7-year-old girl in South Sudan unknowingly awaits blood compensation pact


UNMISS chief David Shearer and the mayor of Torit, Juliana Mamoi Choko, give a symbolical hand to the building of a Safe House for vulnerable civilians in need of protection.

28 Mar 2017

7-year-old girl in South Sudan unknowingly awaits blood compensation pact

Daniel Dickinson

Seven-year-old Nancy does not know it yet, but in five or six years’ time she will have to give up her home life and become the property of a family she has never met, all because her mother committed a crime.

Two years ago, the mother got into an argument with another woman in Torit Town in Imatong state in the south of South Sudan. The argument developed into a fight, which, in turn, led to a fatal blow to the head with a glass bottle.

Nancy, just five at the time of the incident, was promised to the family of the woman who was killed in, what is known as “blood compensation.” It is a traditional and deeply cultural approach to justice, which although illegal in South Sudan is widely practiced, especially by the Lotuko ethnic group which lives in Imatong state.

Since the conflict erupted in South Sudan in 2013, the rule of law has eroded and it is often left to committed activists to defend young girls’ rights.

Davidika Graciano Ikai, is a human rights and gender activist in Torit, but also a relative of Nancy.

“She is a carefree girl, like any other seven year old. Her mother is free, she wasn’t charged with the killing, but in return she must give up her daughter. Nancy doesn’t know this yet and it makes me very sad. I will work to eradicate this practice.”

The two families in dispute met with community leaders and came to the blood compensation agreement.

Nancy’s fate is far from clear. She may be taken as a wife by one of the male members of her new family at around the age of 12, or she may be married out to earn a dowry; the current bride price in Torit is 18 cows and between 60 and 120 goats.

Blood compensation is just one of many practices that makes growing up as a girl in Imatong so perilous. The early and forced marriage that Nancy is highly likely to face is part of a pattern of injustice and abuses that women and girls endure, a pattern that often leads to rape and violence.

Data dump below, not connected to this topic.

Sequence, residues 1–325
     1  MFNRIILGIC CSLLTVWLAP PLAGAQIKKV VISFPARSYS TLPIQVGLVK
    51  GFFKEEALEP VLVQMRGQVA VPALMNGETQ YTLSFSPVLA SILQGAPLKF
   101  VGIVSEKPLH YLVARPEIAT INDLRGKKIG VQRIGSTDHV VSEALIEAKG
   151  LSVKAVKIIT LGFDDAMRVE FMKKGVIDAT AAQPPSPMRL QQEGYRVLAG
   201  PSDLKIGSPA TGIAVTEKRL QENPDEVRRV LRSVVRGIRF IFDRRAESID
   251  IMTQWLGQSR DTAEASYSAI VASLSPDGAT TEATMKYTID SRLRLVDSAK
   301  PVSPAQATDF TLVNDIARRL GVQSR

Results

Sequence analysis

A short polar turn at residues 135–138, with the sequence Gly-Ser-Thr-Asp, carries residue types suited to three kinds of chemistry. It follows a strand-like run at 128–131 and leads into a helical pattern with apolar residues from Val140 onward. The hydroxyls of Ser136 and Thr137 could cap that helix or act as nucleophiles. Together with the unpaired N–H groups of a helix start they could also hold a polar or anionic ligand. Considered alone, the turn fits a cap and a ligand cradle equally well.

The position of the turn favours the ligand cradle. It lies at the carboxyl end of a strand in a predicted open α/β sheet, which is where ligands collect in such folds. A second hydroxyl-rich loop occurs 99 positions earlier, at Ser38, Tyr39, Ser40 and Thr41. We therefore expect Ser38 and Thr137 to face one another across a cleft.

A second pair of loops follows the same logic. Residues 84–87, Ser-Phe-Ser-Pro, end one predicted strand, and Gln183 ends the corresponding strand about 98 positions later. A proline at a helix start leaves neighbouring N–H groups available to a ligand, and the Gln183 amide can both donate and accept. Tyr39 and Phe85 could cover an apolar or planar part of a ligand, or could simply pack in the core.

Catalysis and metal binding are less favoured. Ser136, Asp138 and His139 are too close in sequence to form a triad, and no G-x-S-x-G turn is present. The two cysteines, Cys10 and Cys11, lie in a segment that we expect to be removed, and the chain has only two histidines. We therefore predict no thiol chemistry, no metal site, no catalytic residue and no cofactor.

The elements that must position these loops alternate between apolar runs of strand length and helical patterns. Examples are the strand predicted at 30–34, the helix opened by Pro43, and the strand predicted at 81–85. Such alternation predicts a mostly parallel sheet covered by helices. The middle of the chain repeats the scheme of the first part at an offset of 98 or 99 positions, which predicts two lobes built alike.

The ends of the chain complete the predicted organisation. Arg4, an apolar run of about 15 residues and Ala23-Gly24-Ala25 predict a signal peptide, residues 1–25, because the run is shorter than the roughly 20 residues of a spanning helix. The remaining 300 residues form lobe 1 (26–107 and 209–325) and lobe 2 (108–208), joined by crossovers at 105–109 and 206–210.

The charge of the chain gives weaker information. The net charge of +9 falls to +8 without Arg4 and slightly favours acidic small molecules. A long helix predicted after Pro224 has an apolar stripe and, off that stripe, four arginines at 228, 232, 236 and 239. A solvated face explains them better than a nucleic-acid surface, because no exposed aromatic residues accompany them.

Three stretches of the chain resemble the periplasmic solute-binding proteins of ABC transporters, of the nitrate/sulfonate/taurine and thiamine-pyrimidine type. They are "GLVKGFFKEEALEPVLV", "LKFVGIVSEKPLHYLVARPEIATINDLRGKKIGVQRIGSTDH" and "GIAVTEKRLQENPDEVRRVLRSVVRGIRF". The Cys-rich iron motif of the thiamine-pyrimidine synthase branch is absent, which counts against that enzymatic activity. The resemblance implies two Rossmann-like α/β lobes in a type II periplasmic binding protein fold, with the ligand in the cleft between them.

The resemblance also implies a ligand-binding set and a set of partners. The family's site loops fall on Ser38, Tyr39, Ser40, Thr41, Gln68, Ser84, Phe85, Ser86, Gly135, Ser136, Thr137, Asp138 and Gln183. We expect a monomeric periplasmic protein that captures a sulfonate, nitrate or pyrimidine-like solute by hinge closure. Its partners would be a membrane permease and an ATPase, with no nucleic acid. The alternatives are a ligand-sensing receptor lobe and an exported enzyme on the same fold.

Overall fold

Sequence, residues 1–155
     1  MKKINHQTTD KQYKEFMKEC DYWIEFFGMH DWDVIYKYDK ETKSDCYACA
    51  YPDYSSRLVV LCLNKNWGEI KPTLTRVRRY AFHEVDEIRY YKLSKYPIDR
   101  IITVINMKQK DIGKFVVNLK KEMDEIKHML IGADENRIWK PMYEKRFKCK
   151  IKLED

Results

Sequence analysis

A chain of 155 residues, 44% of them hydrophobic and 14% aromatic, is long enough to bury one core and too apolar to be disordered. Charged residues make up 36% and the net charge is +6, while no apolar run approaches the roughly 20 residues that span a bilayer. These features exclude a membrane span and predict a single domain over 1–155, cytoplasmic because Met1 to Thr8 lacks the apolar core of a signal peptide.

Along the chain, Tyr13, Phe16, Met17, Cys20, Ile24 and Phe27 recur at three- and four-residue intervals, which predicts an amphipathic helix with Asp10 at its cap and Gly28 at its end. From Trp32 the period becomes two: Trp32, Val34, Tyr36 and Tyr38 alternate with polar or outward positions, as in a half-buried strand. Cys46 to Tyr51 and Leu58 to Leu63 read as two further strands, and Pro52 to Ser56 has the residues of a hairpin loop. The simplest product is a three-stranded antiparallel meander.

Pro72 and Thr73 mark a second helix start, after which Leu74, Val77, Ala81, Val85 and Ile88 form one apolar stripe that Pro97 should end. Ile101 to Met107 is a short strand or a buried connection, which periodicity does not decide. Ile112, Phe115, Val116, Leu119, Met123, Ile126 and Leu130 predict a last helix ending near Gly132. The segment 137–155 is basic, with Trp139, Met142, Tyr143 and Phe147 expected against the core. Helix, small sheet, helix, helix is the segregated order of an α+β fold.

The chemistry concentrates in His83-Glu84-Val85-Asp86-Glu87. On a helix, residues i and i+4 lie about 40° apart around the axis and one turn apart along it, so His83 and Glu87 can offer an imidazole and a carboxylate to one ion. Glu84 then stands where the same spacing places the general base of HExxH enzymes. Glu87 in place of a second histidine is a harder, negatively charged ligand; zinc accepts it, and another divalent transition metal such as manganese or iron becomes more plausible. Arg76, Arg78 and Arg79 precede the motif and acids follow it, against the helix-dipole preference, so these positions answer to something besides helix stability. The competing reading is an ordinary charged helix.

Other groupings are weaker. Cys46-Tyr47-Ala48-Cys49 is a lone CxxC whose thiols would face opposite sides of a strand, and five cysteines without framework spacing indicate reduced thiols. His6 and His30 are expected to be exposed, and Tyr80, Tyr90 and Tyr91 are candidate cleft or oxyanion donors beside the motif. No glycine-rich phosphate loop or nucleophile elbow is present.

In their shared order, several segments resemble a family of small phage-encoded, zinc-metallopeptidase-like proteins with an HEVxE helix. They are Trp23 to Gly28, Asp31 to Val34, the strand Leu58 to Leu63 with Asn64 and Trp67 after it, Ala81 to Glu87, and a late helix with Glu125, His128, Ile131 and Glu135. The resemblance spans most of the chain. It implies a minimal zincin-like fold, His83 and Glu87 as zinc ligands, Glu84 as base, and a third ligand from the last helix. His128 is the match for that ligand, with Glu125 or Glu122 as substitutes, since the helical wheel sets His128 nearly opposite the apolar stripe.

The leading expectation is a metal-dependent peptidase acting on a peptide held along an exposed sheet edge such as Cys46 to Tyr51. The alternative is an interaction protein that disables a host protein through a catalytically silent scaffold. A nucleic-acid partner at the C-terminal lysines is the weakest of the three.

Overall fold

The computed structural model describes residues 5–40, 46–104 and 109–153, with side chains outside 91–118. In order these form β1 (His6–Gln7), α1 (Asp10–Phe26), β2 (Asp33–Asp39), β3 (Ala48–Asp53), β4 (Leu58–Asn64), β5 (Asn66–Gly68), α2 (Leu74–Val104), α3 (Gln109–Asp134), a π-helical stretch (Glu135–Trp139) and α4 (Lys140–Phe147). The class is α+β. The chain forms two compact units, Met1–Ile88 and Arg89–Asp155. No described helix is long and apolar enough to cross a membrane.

Safe House

There is some hope for women in Torit, with the imminent opening of a “safe house.” Supported by the UN peacekeeping mission in South Sudan (UNMISS), the residential-cum-transit facility will provide protection and services to what the UN has called “vulnerable civilians in need of protection.”

The protection of civilians is a central focus of the mandate of the mission.

The vulnerable people include survivors of rape and other gender-based sexual violence, young people recovered from abduction, children in conflict with the law, street children and girl-children like Nancy, who might want to escape and find refuge from blood compensation arrangements.

“This safe house will provide valuable protection and services to women, including counselling, health care and legal services if a woman wants legal redress,” says Juliana Mamoi Choko, the mayor of Torit.

She is one of many women who serve as local officials; in fact 65 per cent of the chairpersons of the standing committees in the state parliament are women, an unprecedented share in this male-dominated society.

“The house will provide those important services,” said Mayor Choko, “but more importantly, it will help to transform the traditional culture of this state and hopefully ultimately play a part in eradicating gender-based violence and harmful cultural practices.”

The UNMISS base in Torit is playing a key role in bringing about change, not just through the building of the safe house but by raising awareness about gender and human rights issues. In February this year, 40 government SPLA officers received training on gender and conflict-related sexual violence.

Road patrols by peacekeepers can also contribute to providing some security for women. They can help to counter a particularly hateful and humiliating crime whereby women outside urban areas are picked up on the road, often by men in uniform, strip searched for valuables and then left to wander naked, once the degrading theft has concluded.

The head of UNMISS, David Shearer, visited the safe house in Torit:

“This excellent facility was planned by the local authorities and is an example of what can be achieved when there are a majority of women in power,” he said and added:

 “I’m pleased UNMISS can support victims of gender violence in this way and am convinced this safe house will make a difference for women and girls.”